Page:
Home Rule

This is the next term that the local-politics neophyte needs to absorb. Home rule explains why ranked-choice voting is not yet in place in Brookline. Town Meeting’s “yes” vote was actually a vote to petition Massachusetts’ General Court—the state house—for home rule on elections, which the state controls according to its constitution. Brookline voters, in a town referendum, will decide whether to implement RCV in town-wide races if the petition is granted.     It probably won’t be “this time,” according to Jay, who has seen this before. “Most home-rule petitions don’t go anywhere, except for the ones for things like ‘Gary in the fire department doesn’t want to retire at 60, so please allow him to work another ten years,’” he said. But he’s also seen what can happen when enough home-rule petitions on the same matter accumulate.     

One example concerns voting rights for 16- and 17-year-olds and for green-card holders (legal permanent residents who are not U.S. citizens; an effort to allow green-card holders to vote in New York City elections is making its way through the courts now). Brookline petitioned for home rule to allow green-card holders to vote in town elections in 2010 and again after a warrant article Jay proposed that passed “after a very difficult political fight” in the spring of 2022. Brookline’s history with 16- and 17-year-olds voting (again only in town elections) is similar, though not identical: a petition for home rule passed in 2019 but not in 2022. “There is now a statewide push for both,” Jay notes.

Less Carbon

Jay’s initiation into Brookline politics, when he was in eighth grade, was a warrant article petitioning for home rule in prohibiting fossil-fuel infrastructure in new construction. In 2022, after denying multiple such petitions—from Brookline and other towns—the state created the Fossil Fuel Free Demonstration Project in ten cities and towns, including Cambridge, Newton, Arlington, and Brookline.     

The fight to slow climate change is Jay’s leading example of what he has expressed mathematically as the Collective Action Problem: “If the whole world wants something, but each individual person is motivated by self-interest to do a different thing, then the thing that would be better for everyone doesn’t happen.” Brookline is already a dense, low-carbon community relative to its American peers, but banning new fossil-fuel infrastructure, he said, is one of the few meaningful steps the town can take. “It will have a much bigger impact” if it ends up allowing the town to say to the whole state, or Massachusetts to other states, “This is something that works; copy our language and do it.”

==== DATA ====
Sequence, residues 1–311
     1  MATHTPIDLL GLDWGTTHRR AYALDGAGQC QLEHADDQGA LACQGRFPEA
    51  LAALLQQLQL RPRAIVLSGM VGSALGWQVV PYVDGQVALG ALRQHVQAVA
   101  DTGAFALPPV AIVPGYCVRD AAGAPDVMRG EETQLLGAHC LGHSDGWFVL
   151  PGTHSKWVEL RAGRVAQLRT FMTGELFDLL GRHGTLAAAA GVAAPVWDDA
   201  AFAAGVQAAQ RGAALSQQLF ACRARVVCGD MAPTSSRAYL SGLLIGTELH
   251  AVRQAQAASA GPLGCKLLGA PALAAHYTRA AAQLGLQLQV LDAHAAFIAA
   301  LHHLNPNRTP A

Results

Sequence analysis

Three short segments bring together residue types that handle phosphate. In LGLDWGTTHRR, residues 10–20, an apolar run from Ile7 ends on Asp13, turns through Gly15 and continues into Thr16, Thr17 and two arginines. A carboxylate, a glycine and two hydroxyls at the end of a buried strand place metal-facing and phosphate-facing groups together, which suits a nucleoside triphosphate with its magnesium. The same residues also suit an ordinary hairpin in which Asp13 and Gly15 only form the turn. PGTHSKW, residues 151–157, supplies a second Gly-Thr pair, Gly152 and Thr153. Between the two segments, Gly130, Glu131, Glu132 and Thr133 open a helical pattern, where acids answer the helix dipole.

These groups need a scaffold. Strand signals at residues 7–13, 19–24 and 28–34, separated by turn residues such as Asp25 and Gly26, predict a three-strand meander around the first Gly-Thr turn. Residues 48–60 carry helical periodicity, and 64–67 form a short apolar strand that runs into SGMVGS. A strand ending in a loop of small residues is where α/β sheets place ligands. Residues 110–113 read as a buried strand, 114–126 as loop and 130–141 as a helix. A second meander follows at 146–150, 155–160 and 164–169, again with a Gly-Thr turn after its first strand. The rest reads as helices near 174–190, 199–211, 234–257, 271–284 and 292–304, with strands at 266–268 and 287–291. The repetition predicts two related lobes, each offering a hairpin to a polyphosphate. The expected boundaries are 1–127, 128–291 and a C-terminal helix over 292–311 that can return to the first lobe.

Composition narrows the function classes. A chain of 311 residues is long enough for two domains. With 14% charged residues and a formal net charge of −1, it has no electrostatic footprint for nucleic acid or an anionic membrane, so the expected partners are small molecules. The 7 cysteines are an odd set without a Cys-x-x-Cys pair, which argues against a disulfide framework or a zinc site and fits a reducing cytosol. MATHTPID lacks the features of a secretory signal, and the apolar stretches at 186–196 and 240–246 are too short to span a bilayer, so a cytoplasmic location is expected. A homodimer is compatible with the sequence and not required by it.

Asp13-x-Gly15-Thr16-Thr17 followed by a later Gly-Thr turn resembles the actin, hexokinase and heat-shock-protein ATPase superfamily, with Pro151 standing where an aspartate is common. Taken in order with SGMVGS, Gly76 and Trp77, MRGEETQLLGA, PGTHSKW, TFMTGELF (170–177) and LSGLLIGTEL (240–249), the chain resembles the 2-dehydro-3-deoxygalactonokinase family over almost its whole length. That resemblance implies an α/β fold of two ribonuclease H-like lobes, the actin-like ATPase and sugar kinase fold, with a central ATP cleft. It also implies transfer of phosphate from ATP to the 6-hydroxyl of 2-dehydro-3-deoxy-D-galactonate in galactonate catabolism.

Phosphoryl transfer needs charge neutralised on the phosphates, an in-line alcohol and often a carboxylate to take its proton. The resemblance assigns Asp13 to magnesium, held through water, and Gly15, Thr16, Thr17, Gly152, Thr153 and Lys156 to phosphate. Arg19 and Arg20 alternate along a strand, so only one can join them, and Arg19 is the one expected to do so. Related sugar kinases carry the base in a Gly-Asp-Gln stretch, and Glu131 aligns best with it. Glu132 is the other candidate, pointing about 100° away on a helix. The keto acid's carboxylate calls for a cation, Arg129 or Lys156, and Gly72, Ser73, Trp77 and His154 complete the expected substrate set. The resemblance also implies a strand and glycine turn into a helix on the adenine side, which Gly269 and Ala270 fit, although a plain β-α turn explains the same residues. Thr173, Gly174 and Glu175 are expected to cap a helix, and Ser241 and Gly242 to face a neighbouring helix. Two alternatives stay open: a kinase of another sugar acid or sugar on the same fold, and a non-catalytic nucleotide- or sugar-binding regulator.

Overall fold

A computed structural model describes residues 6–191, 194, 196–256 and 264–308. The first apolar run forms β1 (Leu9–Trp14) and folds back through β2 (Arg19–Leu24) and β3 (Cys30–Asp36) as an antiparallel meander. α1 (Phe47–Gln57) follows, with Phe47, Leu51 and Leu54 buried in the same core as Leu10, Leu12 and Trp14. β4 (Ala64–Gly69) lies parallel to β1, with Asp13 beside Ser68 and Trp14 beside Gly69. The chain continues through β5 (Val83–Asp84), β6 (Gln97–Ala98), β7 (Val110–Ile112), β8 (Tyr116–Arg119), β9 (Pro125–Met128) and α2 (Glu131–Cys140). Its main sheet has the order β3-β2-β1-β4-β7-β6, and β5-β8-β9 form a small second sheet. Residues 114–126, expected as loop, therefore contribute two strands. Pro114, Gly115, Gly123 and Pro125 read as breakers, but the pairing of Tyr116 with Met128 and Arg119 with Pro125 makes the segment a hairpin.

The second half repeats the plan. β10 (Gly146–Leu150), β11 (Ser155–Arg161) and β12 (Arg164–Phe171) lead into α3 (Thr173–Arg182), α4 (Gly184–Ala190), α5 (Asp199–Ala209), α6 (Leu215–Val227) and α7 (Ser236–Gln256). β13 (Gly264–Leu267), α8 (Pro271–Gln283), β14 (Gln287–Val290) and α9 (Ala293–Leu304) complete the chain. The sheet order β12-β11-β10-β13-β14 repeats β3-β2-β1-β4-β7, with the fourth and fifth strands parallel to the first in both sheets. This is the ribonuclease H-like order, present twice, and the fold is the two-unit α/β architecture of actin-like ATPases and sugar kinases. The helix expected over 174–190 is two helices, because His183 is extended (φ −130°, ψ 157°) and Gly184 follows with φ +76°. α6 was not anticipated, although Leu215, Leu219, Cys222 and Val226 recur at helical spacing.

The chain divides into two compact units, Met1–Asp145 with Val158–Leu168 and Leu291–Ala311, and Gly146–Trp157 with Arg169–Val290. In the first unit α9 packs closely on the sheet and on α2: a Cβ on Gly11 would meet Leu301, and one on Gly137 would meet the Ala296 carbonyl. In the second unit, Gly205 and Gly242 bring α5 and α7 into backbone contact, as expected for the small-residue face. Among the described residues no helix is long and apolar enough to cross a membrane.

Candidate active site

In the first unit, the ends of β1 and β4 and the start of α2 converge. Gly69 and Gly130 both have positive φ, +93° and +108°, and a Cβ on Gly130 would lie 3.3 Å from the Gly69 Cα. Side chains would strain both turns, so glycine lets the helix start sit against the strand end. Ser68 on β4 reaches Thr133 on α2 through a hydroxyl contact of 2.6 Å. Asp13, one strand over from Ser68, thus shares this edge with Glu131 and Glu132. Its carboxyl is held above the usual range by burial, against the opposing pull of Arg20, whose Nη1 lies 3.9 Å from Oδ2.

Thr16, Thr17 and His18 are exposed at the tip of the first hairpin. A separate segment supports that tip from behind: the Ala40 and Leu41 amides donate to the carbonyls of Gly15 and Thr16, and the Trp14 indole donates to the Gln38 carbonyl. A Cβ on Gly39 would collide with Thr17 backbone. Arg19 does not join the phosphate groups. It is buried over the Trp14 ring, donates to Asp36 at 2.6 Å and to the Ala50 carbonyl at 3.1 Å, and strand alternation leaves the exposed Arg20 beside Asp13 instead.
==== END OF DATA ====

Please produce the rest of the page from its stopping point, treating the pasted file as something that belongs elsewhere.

Commonwealth School, of course, is orders of magnitude smaller than Brookline—but that doesn’t mean its climate impact is of less interest to Jay, who admires facilities manager Adam Hinterlang’s work gradually upgrading every light bulb in the school. Jay and the Environmental Club set about calculating the school’s carbon footprint starting in 2022. Surveying students and staff on their commuting habits, Jay said, was the only heavy lift in gathering the data. “After that, it was just talking to Mr. Hinterlang, Ms. Poynter, Chef Dethie, and the language teachers to put all the different pieces together.”    

If, as Jay put it, “Commonwealth has given me a great deal of respect for thinking through the implications of everything you do,” then his work in Brookline has added a respect for the long game, for patient acts of counting and persuading. From my perch on sabbatical this year, I asked about compost, having noticed a post-pandemic slide in how conscientiously people sorted their recess and lunch waste. “Oh, we’ve been making announcements,” said Jay. “Stop putting plastic forks in the compost, stop putting plates in the garbage.… For the first month of school, the compost was so contaminated we had to put it in the trash every day. But that’s not happening anymore.” t Catherine Brewster is a twenty-three-year veteran of Commonwealth’s English department.

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This article originally appeared in the winter 2024 issue of CM, Commonwealth's alumni/ae magazine.